UK PM May's Conservatives maintain 14-point lead over Labour: ICM poll

Bruno Cirelli
Mag 30, 2017

The poll put the Conservatives on 46 % and Labour on 32 %, little changed from the previous ICM poll on May 22 which put the Conservatives on 47 % and Labour on 33 %.

The Opinium poll, taken after Monday's suicide bombing in Manchester, also found May's approval ratings had slumped from plus-17 to plus-11 over the week, while Mr Corbyn's rose from minus-18 to minus-11.

When Ms May stunned politicians and financial markets on April 18 with her call for an election, opinion polls suggested she could emulate Margaret Thatcher's 1983 majority of 144 seats or even threaten Tony Blair's 1997 Labour majority of 179 seats.

The direct assault on Mr Corbyn's record came as further polls suggested Labour was eating into Theresa May's lead as the June 8 General Election approaches.

As her lead shrank, Ms May was forced to backtrack on the policy at an appearance before the media at which she appeared flustered and irritated when taking questions from reporters.

Political campaigning was suspended for several days after the Manchester attack but resumed on Friday.

"He could be prime minister in two weeks time and I don't know what he would do on Brexit and neither does the country". I'm fighting this election, Jeremy, on something very important - that is the levels of poverty in our society, the levels of children that are not supported properly in our society.

Pollsters have said their 2015 findings significantly overestimated support for Labour.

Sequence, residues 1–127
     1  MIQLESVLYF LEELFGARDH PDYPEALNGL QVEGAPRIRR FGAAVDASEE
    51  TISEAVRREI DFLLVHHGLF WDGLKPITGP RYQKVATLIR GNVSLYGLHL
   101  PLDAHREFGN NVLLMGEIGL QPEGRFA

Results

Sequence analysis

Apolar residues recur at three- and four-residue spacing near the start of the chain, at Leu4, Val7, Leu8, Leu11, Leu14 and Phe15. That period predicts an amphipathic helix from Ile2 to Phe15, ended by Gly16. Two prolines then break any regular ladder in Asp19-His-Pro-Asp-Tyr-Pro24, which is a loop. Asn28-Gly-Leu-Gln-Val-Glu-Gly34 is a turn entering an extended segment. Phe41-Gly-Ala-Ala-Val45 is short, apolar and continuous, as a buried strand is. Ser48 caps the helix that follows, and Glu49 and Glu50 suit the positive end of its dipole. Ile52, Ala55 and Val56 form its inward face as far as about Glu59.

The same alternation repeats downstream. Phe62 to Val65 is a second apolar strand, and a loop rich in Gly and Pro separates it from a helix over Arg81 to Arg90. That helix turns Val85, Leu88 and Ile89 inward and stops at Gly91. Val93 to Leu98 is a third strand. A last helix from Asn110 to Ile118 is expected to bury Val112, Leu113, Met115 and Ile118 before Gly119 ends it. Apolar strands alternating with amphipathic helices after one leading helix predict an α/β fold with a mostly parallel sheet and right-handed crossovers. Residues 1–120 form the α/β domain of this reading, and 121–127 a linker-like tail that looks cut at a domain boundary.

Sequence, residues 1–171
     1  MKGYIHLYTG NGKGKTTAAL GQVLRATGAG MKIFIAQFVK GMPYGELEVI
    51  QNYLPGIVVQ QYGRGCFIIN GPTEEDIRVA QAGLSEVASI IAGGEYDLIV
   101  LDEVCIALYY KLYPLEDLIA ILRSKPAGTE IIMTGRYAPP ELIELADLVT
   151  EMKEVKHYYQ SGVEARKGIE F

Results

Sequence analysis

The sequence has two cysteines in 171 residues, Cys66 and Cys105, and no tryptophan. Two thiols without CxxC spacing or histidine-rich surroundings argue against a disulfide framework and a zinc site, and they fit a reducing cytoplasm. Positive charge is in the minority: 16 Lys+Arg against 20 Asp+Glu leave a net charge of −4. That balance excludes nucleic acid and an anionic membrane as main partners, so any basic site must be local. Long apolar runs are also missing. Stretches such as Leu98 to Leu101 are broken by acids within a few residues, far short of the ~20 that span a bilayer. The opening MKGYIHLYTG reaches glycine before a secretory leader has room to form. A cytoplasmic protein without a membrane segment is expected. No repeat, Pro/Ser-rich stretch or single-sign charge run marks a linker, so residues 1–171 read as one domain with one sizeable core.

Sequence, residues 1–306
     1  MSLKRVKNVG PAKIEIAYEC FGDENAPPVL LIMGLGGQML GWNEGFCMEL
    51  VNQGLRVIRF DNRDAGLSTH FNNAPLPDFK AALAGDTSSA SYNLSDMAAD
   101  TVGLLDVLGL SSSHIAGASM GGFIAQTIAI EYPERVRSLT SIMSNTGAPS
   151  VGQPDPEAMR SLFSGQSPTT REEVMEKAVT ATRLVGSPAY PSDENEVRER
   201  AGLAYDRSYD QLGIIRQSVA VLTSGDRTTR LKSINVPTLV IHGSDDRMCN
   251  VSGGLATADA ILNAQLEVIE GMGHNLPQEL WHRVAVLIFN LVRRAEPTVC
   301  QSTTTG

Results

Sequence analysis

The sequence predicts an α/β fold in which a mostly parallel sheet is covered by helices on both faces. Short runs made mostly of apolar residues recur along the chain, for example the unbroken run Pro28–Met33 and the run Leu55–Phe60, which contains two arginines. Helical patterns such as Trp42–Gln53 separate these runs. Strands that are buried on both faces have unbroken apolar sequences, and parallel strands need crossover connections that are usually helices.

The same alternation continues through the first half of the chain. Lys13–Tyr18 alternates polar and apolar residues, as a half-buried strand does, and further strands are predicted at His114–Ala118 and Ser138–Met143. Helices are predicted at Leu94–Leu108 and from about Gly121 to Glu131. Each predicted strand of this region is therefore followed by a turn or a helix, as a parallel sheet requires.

Ms Davidson told Sky News the prospect of Jeremy Corbyn in Downing Street with John McDonnell as Chancellor and Diane Abbott as Home Secretary would focus voters' minds ahead of polling day on 8 June.

This weekend's set of surveys show considerable variation, with pollsters ICM and ComRes putting the Tories 14 and 12 points ahead respectively, while YouGov and ORB have narrower leads of seven and six points.

As polls showed the gap between the Conservatives and Labour narrowing, The Sunday Times reports that Tory strategists are returning to the core message of strength and stability as Britain negotiates Brexit.

Its online survey of 2,002 people was carried out between May 23 and 24. But 51 per cent said that Mrs May would make a better PM, compared with 30 per cent for Mr Corbyn. The Sunday Times reported that Mr Timothy was also at loggerheads with Fiona Hill, Mrs May's other joint chief of staff, and Mr Crosby over the original social care plan, which would have seen people facing uncapped costs until they were down to their last £100,000 of assets, including the value of their home.

Defence Secretary Sir Michael Fallon dismissed reports the Tories were in disarray over the controversial social care plans as "Westminster tittle tattle".

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